So is there anything we can do to shrink that gap? To get our actions to line up more consistently with our goals and intentions?
As a kid, watching TV was more of an occasional treat than a daily staple. Where my mom would usually tell me to stop watching Chips or Knight Rider, and do homework, read, or practice instead.
Except when the Olympics were on, at which point there were a few times she’d encourage me to watch more TV. Hoping, I think, that I’d be able to learn from and perhaps be inspired by the athletes’ dedication, focus, and resilience.
Which might explain why I’ve always been a big fan of “cross-training” or “cross-pollination.” Or finding ways to apply an idea or principle from one domain to another. Like taking a concept from practicing serves in tennis, and applying it to practicing difficult shifts on the violin. Or deconstructing a rhythm-enhancing hack gleaned from a piano master class, and using it to eliminate the tightness and hesitation I felt before a soft exposed passage.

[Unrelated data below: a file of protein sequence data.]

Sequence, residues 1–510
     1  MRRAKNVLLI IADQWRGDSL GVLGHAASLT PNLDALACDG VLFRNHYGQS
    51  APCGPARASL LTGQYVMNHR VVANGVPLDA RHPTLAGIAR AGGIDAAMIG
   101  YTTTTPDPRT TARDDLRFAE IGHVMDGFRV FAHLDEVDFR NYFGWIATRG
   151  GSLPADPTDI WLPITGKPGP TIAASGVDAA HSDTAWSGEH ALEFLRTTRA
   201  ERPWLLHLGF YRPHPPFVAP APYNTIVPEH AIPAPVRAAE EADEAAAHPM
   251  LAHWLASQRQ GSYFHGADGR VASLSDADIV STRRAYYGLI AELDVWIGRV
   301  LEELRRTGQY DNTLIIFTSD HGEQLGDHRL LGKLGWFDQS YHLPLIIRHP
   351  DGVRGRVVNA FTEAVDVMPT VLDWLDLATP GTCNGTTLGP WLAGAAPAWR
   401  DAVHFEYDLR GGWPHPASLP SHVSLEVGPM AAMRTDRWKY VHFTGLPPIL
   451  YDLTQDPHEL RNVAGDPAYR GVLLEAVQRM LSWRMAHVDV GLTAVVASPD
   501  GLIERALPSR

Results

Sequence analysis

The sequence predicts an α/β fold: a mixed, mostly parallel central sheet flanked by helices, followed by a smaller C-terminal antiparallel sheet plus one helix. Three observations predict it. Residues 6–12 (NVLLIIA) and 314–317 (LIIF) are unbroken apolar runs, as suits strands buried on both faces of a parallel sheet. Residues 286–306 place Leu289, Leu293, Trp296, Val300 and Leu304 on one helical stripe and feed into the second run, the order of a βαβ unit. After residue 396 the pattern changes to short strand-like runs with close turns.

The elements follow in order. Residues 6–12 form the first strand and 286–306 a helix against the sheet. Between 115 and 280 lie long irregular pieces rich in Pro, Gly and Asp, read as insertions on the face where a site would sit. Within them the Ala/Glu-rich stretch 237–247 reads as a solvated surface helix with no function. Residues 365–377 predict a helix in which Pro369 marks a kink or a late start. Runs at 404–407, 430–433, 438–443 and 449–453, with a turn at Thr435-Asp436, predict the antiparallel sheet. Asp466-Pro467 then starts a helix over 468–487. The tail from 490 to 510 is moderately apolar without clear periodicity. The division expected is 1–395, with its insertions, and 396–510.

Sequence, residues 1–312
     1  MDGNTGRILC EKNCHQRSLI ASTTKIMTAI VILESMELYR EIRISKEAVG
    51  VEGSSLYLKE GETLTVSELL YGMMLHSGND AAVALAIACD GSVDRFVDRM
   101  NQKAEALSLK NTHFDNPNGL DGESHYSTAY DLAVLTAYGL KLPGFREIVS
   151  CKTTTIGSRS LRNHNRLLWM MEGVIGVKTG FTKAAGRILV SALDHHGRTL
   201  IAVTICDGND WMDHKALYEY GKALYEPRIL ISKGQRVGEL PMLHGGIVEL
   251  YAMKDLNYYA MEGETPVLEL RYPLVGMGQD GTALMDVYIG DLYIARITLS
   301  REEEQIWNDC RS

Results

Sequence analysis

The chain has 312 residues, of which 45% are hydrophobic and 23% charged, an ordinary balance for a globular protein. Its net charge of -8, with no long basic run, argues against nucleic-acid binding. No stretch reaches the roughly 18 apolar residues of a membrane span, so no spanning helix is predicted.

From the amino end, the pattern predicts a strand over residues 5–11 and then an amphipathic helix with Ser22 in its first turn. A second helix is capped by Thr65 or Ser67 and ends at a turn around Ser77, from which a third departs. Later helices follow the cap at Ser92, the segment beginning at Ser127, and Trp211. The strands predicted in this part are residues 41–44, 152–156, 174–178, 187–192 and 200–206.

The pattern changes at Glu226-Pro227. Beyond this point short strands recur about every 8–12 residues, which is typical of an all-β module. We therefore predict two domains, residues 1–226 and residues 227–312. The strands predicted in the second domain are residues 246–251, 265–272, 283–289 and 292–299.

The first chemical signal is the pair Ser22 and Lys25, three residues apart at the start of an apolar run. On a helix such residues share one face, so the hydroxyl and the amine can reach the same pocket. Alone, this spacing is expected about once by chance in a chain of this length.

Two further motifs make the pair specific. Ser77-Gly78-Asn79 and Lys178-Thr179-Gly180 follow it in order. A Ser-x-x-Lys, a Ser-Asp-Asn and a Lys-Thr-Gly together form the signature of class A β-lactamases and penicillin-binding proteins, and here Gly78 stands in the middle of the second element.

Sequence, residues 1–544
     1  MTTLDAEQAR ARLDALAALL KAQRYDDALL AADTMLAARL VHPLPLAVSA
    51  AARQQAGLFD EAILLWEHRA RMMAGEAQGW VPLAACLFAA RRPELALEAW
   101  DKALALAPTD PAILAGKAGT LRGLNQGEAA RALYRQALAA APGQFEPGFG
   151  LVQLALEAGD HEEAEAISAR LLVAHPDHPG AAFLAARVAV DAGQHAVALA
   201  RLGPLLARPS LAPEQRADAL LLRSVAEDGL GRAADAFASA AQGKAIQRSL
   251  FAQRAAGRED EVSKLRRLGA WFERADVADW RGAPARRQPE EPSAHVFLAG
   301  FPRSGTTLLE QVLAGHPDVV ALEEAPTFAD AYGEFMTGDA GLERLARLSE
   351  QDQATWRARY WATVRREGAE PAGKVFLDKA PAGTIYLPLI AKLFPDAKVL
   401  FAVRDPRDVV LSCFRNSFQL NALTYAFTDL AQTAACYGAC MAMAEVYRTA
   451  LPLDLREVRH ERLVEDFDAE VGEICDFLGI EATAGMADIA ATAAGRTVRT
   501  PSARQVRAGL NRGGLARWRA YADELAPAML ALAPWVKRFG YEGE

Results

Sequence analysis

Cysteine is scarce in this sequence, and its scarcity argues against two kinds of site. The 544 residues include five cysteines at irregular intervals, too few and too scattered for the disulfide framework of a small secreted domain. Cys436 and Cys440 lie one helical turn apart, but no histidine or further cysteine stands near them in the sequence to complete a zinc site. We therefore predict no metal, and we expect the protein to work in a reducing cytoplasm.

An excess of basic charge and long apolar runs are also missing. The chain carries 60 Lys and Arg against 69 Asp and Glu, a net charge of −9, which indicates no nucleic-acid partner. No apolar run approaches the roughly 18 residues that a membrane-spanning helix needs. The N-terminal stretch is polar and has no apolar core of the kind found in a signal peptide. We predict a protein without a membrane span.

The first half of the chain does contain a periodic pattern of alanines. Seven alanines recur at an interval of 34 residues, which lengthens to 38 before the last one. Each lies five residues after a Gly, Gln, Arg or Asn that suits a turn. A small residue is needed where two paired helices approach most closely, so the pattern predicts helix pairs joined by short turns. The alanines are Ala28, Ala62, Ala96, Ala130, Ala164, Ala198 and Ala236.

So are there things we can learn from coaches and athletes who train and compete at the highest level?
Jay Larranaga is an assistant coach for the NBA’s Boston Celtics, and also enjoyed a long career playing professionally in Europe. Giving him a deep understanding of what it takes to handle pressure and achieve excellence not just as a player, but also as a coach. And, as the son of a coach (his dad is Jim Larranaga, head coach at the University of Miami), he can appreciate the challenges of the coaching/parenting dynamic too.